We are back in the USA after our time in Haiti.
I want to post pictures and my thoughts of our days there.
But, how to begin?
It was terrible but wonderful.
I think I'll group my musings into several days' worth of pictures.
I'll start with the physical devastation because, though it is awful, it simply doesn't represent Haiti at all. I hope you will discover what I mean as you follow the blog for a few posts...
(Remember that you can click on each picture to see it larger and more detail.
Just in case you might want to...)
Although the earthquake was over a year ago, many sights are of the destruction as if it just happened last week. It is very difficult to look at. These empty homes were once filled with families and activity.
The roads are especially awful and quite treacherous to drive on.
Our hosts were phenomenal as they bumped and heaved over rock and into potholes.
Sometimes they dodged electric wires hanging in the center of the narrow roadways.
Hillary commented that some of the houses look like they belong in MGM or
Universal Studios Theme Parks as they sit so crooked and bent over.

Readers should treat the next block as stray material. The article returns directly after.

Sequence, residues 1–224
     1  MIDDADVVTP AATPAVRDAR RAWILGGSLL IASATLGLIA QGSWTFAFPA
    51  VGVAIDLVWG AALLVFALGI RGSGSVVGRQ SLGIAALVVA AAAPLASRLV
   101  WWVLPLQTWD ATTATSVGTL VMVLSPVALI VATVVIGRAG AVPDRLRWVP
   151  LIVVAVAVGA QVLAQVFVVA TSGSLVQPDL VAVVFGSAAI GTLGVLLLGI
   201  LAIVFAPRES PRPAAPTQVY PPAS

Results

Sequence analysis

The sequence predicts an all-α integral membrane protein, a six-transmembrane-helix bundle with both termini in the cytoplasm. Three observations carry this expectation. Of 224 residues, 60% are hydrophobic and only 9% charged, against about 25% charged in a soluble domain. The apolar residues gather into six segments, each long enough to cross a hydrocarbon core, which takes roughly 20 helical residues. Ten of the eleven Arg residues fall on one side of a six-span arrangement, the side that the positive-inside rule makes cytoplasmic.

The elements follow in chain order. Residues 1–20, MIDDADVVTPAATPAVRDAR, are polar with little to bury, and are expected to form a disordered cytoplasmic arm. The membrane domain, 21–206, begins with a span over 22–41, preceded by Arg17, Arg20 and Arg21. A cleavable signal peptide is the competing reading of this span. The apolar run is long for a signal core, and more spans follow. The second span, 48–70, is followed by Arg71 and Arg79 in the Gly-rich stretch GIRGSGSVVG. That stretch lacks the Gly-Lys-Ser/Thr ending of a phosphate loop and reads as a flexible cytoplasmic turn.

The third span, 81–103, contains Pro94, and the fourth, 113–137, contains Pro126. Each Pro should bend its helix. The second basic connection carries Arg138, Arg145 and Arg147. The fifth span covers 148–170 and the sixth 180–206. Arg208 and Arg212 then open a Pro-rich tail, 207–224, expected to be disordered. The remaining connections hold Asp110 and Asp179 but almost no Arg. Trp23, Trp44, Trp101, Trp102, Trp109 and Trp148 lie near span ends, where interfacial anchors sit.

The Presidential Palace is the building I recall seeing in the news soon after the
earthquake occurred. It is huge, larger than the Whitehouse and was supposedly so elegant.
The demolition effort is slow because it appears to be done by a few men with sledge hammers.
We watched them up on the roof area. Can you even imagine?
Most houses in Haiti have security walls surrounding them. We saw this in Ecuador, as well.
Where these walls no longer are standing, efforts have been made to place piles of broken rock or other materials in their place. Not as effective, unfortunately.
Hillary and I ventured out on a walk through the neighborhood where we were staying.
Here she is right across the road from the house we lived in which is completely intact.
Do you see the palm tree growing at a tilt behind her?
How to haul off the debris seems to be an overwhelming problem.
Scenes like this are very typical.
The narrow roads are made much more so by the many piles of rubble.
Abandoned cars covered in dust and vegetation sit all around.
With tires like these, Hillary isn't going anywhere soon.
So, today's post is of the post-earthquake landscapes. I figured readers are interested in how things appear today. Please continue to check for more posts as I plan to focus on the beautiful Haitian people and the work we did while there.